Viewers: in countries Watching now:
In Publisher 2010 Essential Training, author David Rivers demonstrates how to create professional publications, such as brochures, newsletters, and menus. Using real-world examples, the course includes an overview of the different types of publications available in Publisher, shows how to use Publisher's tools for modifying text, objects, and tables, and explains how to customize layout and design options. Tutorials on performing mail merges and preparing publications for the web and for print are also included. Exercise files accompany the course.
When you start inserting and working with objects in a publication, you can really change the look and feel of your publication by manipulating some of the formatting options for those objects. For example, working with the outline or border that goes around an object, that's what we're going to do right now, working with our TTCatalogue1 publication. Right here, on page 1, you can see we've got a number of objects, some of them with borders, some without. And there's one here, it's a picture, that has a green border while the others seem to have white border, so it's an inconsistent look.
Let's fiddle a little bit with this picture on the right-hand side of page 1. The first step is to select it by clicking once. When we do this, you'll notice the Format tab appears on the Ribbon, under Picture tools, and clicking this tab will give us access to a ton of formatting options, including what's called the picture border. Because we're working with a picture, that's exactly what it's called. Just click the dropdown, and you'll see some scheme colors. These are the colors that are available to us, thanks to the scheme or color scheme that's been chosen for this publication, but we can go to Standard Colors, down below, even choose more colors by selecting this option down below.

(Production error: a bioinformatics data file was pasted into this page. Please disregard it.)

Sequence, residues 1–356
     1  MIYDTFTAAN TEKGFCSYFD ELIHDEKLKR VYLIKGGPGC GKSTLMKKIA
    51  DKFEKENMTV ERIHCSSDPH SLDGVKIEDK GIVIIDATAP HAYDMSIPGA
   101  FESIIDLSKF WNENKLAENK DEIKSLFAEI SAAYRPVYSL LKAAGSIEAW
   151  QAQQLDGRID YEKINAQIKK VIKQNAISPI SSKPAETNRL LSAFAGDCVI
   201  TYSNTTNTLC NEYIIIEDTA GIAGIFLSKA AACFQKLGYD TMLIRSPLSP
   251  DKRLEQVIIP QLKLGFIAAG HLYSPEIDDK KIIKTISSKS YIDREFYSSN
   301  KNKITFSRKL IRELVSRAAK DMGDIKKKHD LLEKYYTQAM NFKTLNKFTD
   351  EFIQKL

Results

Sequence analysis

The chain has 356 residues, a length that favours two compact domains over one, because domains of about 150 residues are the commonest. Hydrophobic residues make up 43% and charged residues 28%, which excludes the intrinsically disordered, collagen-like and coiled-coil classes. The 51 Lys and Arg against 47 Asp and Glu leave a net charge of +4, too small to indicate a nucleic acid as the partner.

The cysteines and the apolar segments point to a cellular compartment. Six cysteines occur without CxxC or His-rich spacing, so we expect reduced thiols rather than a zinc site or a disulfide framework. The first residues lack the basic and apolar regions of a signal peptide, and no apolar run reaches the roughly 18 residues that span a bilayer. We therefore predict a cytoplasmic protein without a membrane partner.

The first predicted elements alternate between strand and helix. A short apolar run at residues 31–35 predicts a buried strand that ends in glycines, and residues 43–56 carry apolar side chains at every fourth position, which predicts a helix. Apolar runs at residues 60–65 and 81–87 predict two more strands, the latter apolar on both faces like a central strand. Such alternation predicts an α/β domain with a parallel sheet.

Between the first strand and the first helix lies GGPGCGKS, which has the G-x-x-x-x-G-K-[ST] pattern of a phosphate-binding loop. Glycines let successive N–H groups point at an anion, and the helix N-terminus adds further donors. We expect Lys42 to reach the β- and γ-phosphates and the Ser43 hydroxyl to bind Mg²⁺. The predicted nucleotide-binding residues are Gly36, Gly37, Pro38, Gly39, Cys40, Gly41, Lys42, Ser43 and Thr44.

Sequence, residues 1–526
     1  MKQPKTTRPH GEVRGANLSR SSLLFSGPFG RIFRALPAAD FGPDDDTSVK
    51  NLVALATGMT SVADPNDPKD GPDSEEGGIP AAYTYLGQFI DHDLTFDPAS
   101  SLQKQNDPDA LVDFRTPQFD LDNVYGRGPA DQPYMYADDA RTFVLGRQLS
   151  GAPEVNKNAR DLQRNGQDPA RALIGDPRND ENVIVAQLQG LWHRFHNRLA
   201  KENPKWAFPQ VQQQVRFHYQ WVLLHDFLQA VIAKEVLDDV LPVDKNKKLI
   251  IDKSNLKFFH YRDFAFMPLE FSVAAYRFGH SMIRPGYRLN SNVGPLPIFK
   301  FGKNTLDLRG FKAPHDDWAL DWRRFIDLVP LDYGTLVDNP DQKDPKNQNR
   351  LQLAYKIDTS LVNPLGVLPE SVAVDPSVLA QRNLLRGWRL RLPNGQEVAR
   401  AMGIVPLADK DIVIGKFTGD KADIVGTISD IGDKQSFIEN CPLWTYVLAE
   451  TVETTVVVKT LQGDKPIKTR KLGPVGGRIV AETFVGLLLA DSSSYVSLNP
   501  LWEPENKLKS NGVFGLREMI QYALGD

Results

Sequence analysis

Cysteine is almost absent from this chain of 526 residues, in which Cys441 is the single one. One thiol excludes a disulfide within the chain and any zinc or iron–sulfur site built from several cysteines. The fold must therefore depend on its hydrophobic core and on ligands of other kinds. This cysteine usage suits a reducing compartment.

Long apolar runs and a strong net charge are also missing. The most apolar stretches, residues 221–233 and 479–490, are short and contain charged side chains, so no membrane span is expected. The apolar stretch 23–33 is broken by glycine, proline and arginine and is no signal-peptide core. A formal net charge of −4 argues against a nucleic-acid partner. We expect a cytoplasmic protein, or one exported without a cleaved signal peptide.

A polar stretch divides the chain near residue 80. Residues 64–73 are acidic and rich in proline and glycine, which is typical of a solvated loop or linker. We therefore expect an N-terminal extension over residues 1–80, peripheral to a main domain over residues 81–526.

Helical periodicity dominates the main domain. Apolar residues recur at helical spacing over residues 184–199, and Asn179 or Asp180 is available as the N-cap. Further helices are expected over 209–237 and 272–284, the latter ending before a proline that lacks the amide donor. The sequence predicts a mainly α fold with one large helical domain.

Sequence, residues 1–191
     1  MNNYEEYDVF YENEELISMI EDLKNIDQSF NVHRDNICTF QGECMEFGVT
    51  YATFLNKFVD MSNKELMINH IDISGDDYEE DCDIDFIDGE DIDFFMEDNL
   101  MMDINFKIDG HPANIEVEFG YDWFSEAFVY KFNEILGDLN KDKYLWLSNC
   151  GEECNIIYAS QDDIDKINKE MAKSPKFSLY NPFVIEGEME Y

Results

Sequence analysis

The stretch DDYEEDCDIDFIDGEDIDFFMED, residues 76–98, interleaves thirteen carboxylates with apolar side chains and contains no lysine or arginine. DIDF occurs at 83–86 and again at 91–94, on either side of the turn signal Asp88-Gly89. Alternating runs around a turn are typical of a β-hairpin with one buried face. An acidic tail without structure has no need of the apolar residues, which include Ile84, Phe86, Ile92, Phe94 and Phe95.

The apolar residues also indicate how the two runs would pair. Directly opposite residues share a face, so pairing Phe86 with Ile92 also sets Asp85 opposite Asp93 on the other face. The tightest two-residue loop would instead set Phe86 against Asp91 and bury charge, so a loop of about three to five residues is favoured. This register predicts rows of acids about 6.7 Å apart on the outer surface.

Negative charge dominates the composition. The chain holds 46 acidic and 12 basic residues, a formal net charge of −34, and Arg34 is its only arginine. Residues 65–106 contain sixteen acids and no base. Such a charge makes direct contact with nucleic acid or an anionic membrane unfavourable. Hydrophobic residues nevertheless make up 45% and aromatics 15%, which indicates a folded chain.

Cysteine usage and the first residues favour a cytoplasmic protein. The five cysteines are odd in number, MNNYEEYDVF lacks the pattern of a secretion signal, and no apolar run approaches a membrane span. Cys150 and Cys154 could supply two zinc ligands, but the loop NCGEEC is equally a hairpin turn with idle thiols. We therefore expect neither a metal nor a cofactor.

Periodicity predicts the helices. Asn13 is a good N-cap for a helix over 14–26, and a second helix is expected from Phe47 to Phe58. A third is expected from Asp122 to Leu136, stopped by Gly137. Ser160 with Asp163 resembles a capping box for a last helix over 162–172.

But because we want to stick with the scheme and have a consistent look, we can just hover over some of these different options, and you see a live preview. Really, what we want to be consistent is this white color in the top row at the end. So click once to select it, and now it looks like the others. Other things though that we can do, by going back to the Picture Border button, is to choose the weight. Now, you'll see the currently selected weight is set to 6 points. As we hover over these, you can see a live preview in the background. I'm thinking something around 4 1/2 would look better, maybe even 3 points.
So we'll select that. Now if you wanted even more options, you can go back to the Picture Border dropdown, and this time, we're going to go down where we see More Outline Colors, if you need to change the color. Or if you wanted to, go down to Weight and choose More Lines. This just opens up the Format Picture dialog box. Either way, this is what you're going to see, but there are a number of different tabs. Under Colors and Lines, we don't want to fiddle with the fill color. We want to be able to see the picture itself. It's the line color and some of the other line options that we see in this next section.